Though I'm not intending to make it terribly complicated, I have a feeling that Ixo isn't going to like The Awesomeing. I have a feeling he's going to prefer my second entry, "Dale the Game Mechanic".

You see, for me raid encounters have two key aspects:
  • The game mechanics
  • The wrappings (set pieces, events, graphics/sounds, characters...basically, the "coolness factor")
A good example of coolness factor is Malygos. He has some unique graphical effects, including the zoom-out on vortexes, the "platform in space" fighting arena, henchmen on floating disks that the players can ride, and in the piece de resistance, he shatters the ground out from under you, but you are saved by opposing dragons whom you then ride for the remainder of the encounter. Malygos is a major lore figure, and another major lore figure shows up after the fight to give a speech about how awesome you are. All of this contributes to a feeling of novelty, coolness, and weight that makes the player feel heroic and just makes the encounter more entertaining.

You can have the best game mechanics in the world, but if your fighting a gray box in a plain room, your raid isn't going to hold my interest. Now, if you replace that with a rotating observatory inhabited by an awesome vampire werewolf, suddenly you've piqued my interest.

So what I'm going to do today is focus mostly on awesomeizing my encounter. I'm going to try to make the game mechanics as interesting as possible, but not focus on that aspect. Tomorrow, I'll try to make the most interesting raid to play I can think of using generic window dressings. Then, I will most likely combine both approaches into one final encounter that balances both interests. But I thought it would be a fun exercise to first look at coolness factor on it's own, and then look at game mechanics on their own before creating a balanced encounter.

You'll find that, by the end, I simply prove Ixo right.

--------Yogg Saron vs. the World: THE AWESOMEING-------------------

Game-mechanic-wise, I first looked at what I think needs the most fixing about current WoW raids. They need to require skill and personal responsibility, but not be over-taxing nor over-punishing. There will be no decursing (annoying!) and no void zones that instantly kill you (frustrating to completely die because you made on small mistake!). In fact, there will likely not be either of those in any encounter I design unless I build the entire encounter around them just to be a dick.

I also want the encounter to be flexible. If your raid has 2 tanks, that's cool. If your raid has only 1 real tank, that's cool too.

So let's set the stage: your raid flies in or is summoned to a stone just outside your faction's camp. The horde and alliance front lines stand beside each other, fighting a constantly-raging battle in front of a massive Titan tower, which appears to be corrupts and ovverun by inky black tendrills and other Lovecraftian horrors. A group of Azeroth's mightiest heroes gather in the space between the camps. Present are Thrall, Jaina, Tirion Fordring (the Ashbringer), Mograine (the leader of the Ebon Blade), and Sylvanas. Seeing that your group has arrived, they summon a hired goblin engineer to hand out an item you'll need for the upcoming battle: a pair of goblin rocket boots.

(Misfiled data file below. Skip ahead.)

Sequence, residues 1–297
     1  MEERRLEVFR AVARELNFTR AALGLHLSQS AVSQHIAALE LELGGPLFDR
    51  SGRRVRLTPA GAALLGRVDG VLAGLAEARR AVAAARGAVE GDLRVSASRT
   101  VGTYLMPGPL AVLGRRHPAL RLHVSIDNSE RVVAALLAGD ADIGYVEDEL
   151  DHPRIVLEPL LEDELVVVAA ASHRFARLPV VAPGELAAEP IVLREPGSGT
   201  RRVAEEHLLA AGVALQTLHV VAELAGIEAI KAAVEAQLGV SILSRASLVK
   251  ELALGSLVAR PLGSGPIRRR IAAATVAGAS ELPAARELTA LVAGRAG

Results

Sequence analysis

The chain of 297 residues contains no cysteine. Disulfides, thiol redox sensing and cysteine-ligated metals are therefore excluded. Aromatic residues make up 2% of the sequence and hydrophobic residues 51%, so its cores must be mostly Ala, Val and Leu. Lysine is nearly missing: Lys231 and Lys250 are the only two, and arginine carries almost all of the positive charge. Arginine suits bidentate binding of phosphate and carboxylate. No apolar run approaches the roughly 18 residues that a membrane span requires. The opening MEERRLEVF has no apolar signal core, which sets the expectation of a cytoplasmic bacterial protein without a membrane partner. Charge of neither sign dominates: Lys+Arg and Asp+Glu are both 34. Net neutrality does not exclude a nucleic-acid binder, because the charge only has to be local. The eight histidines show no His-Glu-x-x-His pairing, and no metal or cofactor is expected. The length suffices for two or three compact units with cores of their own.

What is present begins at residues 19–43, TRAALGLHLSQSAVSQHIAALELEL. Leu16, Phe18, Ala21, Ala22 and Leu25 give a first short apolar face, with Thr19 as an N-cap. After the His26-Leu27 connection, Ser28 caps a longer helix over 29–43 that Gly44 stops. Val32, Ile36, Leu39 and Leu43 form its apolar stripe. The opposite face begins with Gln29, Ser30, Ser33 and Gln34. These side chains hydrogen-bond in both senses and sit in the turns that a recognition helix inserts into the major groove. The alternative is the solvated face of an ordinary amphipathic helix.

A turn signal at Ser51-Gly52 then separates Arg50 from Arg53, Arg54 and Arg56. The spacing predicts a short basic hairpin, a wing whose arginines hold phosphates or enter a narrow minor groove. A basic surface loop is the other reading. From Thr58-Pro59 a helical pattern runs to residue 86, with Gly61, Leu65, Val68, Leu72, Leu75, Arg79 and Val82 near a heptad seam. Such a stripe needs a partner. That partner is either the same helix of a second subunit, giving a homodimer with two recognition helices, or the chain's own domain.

Once you are equipped, Thrall and Tirion shout some brief, but stirring words, then the horde and alliance shoulders charge forward, cutting a swath through the advancing faceless ones and opening up a hole to allow your raid, accompanied by the heroes, to run into the tower.

Inside the tower are 5 teleportation pads. A hero stands on each one, and you must split your raid into either pairs or sets of 5 (depending on raid size). Once you are ready, the pads teleport each group to a separate section of the room at the top of the tower.

The boss is a shadowy monster, using some awesome visual effects, with many creepy tentacles and toothy maws. Yogg Saron sits in 5 pieces, one in each walled-off room. Each pieces isn't super-hard, but will have a random special ability. They will be manageable no matter how you broke up your group: 2 dps can take one out just as well as a tank/healer pair, especially considering that each groups is aided by a powerful NPC hero. This part enforces individual contribution. If one or two of your raiders are really bad, you aren't getting past phase 1.

Once all 5 pieces are defeated. Massive amounts of energy are unleashed, destroying all of the walls to the top floor as well as the ceiling, leaving your raid standing on a cracked platform with low, jagged walls (about 15 feet high) surrounded by nothing but dramatically-colored sky. Throughout this phase, an airship approaches in the sky, and circles the tower, bombarding the raid periodically. On the bright side, the platform is very large.The pieces come together and slowly start forming a whole. The heroes and raid attack. Every few seconds, the boss will use telekenisis to randomly lift and throw a raid member away. You can use the gnomish rocket boots to boost yourself back to the fight. If you fail to do so, your only penalty is a small amount of fall damage and the lost time as you run back to the fight.

The boss does 4 other attacks, each corresponding to one limb. One will be a cone of raw aoe damage in front of him. One will be a shield that requires the raid to stop dps for a moment.
One of them causes him to need to be moved around by the tank (an aoe damage zone, or something like the sparks from Malygos). One tentacle will shoot into the ground, then give some warning before popping out of the ground under a player. This is meant to prevent players from getting tunnel vision, and functions like a void zone. It just doesn't one-shot you, instead simply doing minor damage and taking you out of the fight for a few seconds.The specific abilities aren’t important, just that they have variety and cool factor without being annoying or unduly punishing one group, such as melee.